Memorandum of Understanding or more popularly known as an MOU is an agreement, which is made between two or more parties, when they wish to lay out the rights and obligations of the parties, and thereby, agree on a course of action to reach a valid and a common conclusion. It is indeed a formal agreement; however, it is not legally binding on the parties. In order to be legally operative, the MOU between the parties should clearly enumerate the name of the parties, the object, and purpose of the contract, and also summarise all the important terms and conditions. Usually, MOUs are less time consuming, and since it is not legally binding, the parties avoid the legal implications altogether, as opposed to a contract. This is majorly attributable to the fact that a legal agreement between parties contains the undertaking of the risks, warranties, and indemnifications due to the nature of the contract involving the exchange of money or any other considerations. On the other hand, an MOU is a non-binding agreement that highlights the effective negotiations between the parties, that were involved in achieving a shared goal.
In order to draft or generate an MOU, the concerned parties should, at the outset, reach a mutual understanding. In this process, each side learns about the things that are mutually required for each party in order to move forward with a synergetic relationship.
This process often begins when each party drafts its own best-case MOU through a professional.
The MOU and the process of drafting it to consider all ideal or preferred outcomes. Moreover, it also considers the things that are offered to the other party(s), and what points may be non-negotiable.
- Names of parties.
- Specific points of understanding between the parties
- Description of the project
- Roles and responsibilities of each party
1. Is an MOU a legally binding document?
Although MOUs aren’t legally binding and are mere understandings between two parties that are legally documented. However, at the same time, if an MOU is drawn up for the exchange of money, it becomes legally binding due to the presence of consideration.
2. Should stamp duty be paid on an MOU?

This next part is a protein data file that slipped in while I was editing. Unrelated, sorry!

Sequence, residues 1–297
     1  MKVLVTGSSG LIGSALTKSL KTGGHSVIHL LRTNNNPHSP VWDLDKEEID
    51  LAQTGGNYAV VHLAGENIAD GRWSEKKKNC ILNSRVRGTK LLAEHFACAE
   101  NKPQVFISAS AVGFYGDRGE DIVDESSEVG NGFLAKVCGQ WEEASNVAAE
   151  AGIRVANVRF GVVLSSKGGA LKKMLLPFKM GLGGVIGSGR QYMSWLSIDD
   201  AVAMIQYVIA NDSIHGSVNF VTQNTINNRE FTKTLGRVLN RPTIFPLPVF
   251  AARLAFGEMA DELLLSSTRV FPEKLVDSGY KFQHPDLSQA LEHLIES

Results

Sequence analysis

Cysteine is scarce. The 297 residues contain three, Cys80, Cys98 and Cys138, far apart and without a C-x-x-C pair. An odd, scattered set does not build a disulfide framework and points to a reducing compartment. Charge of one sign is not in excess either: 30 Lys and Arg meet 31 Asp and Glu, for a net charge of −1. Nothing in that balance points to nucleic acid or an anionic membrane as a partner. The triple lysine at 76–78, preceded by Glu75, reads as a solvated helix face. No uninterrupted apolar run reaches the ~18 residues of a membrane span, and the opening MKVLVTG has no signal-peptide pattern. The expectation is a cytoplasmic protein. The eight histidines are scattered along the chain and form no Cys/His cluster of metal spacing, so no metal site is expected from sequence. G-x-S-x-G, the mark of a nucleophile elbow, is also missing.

MOUs, are usually not affixed with stamp duty. However, from a legal standpoint, a stamp duty paid document is considered to have evidentiary value and can be admitted in the court as evidence. Therefore, it is advisable to have an MOU stamped in case an MOU is drawn with respect to immovable property or money as consideration.
3. Why is MOU made if it is not legally binding?
An MOU is made for the parties to document a potential legal obligation in the future.
4. Is MOU enforceable by law?
In general, MOU is governed by the Indian Contract Act, 1872. In case an MOU fulfills the condition of a valid contract, its performance can be specifically enforced under the Specific Relief Act, 1963, where a Specific relief is granted when compensation cannot be ascertained in monetary terms. In cases where an MOU does not fulfill the conditions laid down under the Indian Contract Act, 1872, it cannot be termed as a legally valid contract. However, in any case, it can still be enforced in the court of law based on the principles of promissory estoppel and equity.
5. Which entities can establish Memorandum of Understanding?
- Companies or organizations can execute an MOU to establish partnerships with each other or individuals.
- A Government Agency can execute an MOU with another agency within the same Government or another country’s Government.
- Countries can independently execute an MOU with another country/other countries.
- Individuals with other individuals or company.
- Legal Entities and Trusts
6. What is the purpose of an MOU?
The objective and purpose of having an MOU are to broadly define what a particular agreement would cover i.e. probable outcome of an agreement and its benefits. It defines all the areas that both parties wish and agree to cover in the agreement.
7. What is the duration of an MOU?
Generally, an MOU would last for such a duration that is mutually agreed upon by the parties or is contingent on the happening of a certain event.
8. Are the parties to MOU deemed partners or agents of one another?
There is no such relationship. Each party is independent and responsible for its own actions.